Hurricanes as Destruction and Creation

Hurricanes are often seen as a destructive force, however; they can also be seen as a way to create new beginnings. In Joseph Roach’s “Echoes in the Bone,” he says: “amnesia as the inspiration to imagine the future.” (Roach 1) In this phrase, Roach is basically saying that in order to build upon the future, you have to fully erase the past. In class, we discuss death, sacrifice, and forgetting as major course concepts. Hurricanes serve as all three of these; bringing death, forcing sacrifice, and forgetting the way of life you had before everything was lost. Hurricanes are the thing that is ending creation and reset the narrative to bring change in life. 

To begin, focusing on death and renewal, Roach says: 

“Turner and others have hypothesized that celebrations of death function as rites of social renewal, especially when the decedents occupy positions to which intense collective attention is due, such as those of leaders or Kings.” (Roach 3)

In viewing death as a celebration, most people allude to the things that come after death. How they’ll either be “born again,” or in a “better place,” etc. Viewing death as a form of rebirth coincides with the idea of death bringing new beginnings. If we are talking about viewing death as a celebration in order to bring new beginnings, we are also discussing the dirge and second line. The dirge would be the hurricane itself: the sadness; and the second line would be the way of viewing the damage caused by the hurricane as a positive: a way to start a new life. According to Roach, the death of a leader is the most important role in the continuation of a community:

“‘It seems that the most powerful natural symbol for the continuity of any community, large or small, simple or complex, is, by a strange and dynamic paradox, to be found in the death of its leader, and in the representation of that striking event.’” (Roach 3)

This quote alludes to the idea of the dirge and second line, as well as death and renewal. In the stance of hurricanes, the hurricane coming in and destroying a community will in turn bring the community together as a unit. This is prevalent when you look at the damage caused by Hurricane Katrina, and the way the people of New Orleans banded together after the disaster. 

When watching the film, “When the Levees Broke,” you can feel the pain coming through the screen. The people being interviewed in the documentary have lost everything in their lives, and all they have left is each other. The disaster that was Hurricane Katrina, brought death to over a thousand people, as well as bringing death to homes and communities; however, it brought the people left with nothing closer together as a community. There is nothing that can truly replace the damages caused by Katrina, or the lives lost, but the rebirth of the community in New Orleans stands alone. As Roach says: “Death, as it is culturally constructed by surrogacy, cannot be understood as a moment, a point in time: it is a process.” (Roach 4) Death is a process in the same way a hurricane being able to destroy everything in its path is a process.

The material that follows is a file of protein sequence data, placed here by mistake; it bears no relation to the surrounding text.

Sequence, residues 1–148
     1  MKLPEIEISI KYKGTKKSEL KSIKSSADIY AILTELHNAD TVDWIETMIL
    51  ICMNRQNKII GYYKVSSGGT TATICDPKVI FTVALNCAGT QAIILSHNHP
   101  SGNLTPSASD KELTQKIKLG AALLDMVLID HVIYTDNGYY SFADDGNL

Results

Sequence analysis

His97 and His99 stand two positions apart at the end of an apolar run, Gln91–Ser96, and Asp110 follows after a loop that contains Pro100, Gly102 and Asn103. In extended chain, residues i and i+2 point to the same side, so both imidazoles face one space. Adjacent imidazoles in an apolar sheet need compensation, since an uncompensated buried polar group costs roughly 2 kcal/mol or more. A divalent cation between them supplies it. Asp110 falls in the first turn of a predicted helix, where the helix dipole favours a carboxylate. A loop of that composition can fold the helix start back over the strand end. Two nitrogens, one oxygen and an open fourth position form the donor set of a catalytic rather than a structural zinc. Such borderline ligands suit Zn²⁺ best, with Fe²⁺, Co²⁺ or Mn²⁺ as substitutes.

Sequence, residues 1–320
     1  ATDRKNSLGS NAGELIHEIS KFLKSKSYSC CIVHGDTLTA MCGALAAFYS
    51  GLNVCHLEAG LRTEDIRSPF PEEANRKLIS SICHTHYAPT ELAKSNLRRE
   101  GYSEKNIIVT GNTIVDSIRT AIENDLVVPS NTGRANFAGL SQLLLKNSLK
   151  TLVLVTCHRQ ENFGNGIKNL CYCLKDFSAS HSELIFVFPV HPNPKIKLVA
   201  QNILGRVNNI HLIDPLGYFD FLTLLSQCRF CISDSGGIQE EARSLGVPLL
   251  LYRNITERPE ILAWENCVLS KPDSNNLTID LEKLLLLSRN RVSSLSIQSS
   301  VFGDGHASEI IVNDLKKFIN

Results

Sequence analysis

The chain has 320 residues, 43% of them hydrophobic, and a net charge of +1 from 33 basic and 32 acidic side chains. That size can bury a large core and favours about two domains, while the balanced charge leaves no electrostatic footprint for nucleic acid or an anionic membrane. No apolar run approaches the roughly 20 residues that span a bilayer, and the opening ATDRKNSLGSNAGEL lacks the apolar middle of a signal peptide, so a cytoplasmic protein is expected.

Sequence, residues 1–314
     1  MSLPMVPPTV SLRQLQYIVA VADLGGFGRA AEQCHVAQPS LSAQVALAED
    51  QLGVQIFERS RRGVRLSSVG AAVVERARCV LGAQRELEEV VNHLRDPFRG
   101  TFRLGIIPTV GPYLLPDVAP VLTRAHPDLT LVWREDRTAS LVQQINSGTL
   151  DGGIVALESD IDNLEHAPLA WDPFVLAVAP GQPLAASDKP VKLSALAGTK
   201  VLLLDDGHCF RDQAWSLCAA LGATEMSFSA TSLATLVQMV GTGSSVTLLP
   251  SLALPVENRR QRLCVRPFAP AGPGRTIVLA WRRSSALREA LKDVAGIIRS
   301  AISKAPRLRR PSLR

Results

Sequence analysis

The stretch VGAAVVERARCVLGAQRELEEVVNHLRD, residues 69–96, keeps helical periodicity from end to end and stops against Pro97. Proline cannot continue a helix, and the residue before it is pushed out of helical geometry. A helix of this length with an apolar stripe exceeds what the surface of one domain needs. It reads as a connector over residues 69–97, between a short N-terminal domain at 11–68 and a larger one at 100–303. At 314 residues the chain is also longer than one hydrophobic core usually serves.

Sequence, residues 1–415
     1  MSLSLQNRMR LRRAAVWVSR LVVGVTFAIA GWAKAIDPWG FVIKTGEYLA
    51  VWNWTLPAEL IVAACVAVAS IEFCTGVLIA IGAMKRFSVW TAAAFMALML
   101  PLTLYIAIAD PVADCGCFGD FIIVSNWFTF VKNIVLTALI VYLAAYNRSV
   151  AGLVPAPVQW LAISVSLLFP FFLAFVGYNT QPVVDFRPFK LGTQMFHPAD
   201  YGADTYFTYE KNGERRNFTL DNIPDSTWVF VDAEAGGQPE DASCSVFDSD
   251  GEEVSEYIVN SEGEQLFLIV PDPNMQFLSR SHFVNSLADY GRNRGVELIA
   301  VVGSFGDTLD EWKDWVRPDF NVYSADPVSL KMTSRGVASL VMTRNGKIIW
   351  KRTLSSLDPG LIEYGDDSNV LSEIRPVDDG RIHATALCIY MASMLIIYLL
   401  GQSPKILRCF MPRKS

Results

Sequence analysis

In, “When the Levees Broke,” the interviewees often criticize the government in regard to how they handled Hurricane Katrina. The article: “What Went Wrong in New Orleans? An Examination of the Welfare Dependency Explanation”, continues this same argument, saying that: “The main argument is that the incomplete pre-storm evacuation of New Orleans, which exposed thousands of residents to catastrophic flooding was largely a function of a culture of dependency.” (Brezina 5) When Katrina happened, the government could have seized the opportunity to do right by the people of New Orleans; especially since they had done them the disservice of not being prepared for the flooding in the first place. Instead, they left them with nothing but waiting lists and each other. (“When the Levees Broke”) They paraded on the news the tragedy that struck New Orleans, but never whole-heartedly tried to help them. I believe Roach puts it perfectly when he says:

“That is why performances in general and funerals, in particular, are so rich in revealing contradictions: because they make publically visible through symbolic action both the tangible existence of social boundaries and, at the same time, the contingency of those boundaries on fictions of identity, their shoddy construction out of inchoate otherness, and, consequently, their anxiety-inducing instability.” (Roach 4)

The government could have seized the opportunity for rebirth when Katrina struck, instead, they chose to watch the people struggle, waste away, and live homelessly. All these people had was each other, so they chose rebirth on their own accord. They took the violence shed upon them and turned it into a community effort to rebuild, without relying on the government to rebuild for them (even though the government definitely should have done this and not put them on mile-long wait lists). (“When the Levees Broke”) The hurricane caused the ‘death’ of their community, but it also caused the rebirth of their community. The violence that Katrina unleashed allowed the community to adapt together, and the violence that the government allowed to happen let the community realize they only had each other. Roach says:

“…first, that violence is never senseless but always meaningful, because violence in human culture always serves, one way or the other, to make a point; second, that all violence is excessive because to be fully demonstrative, to make its point, it must spend things–material objects, blood, environments–in acts of Batallian ‘unproductive expenditure’…and third, that all violence is performative, for the simple reason that it must have an audience–even if that audience is only the victim, even if that audience is only God.” (Roach 5)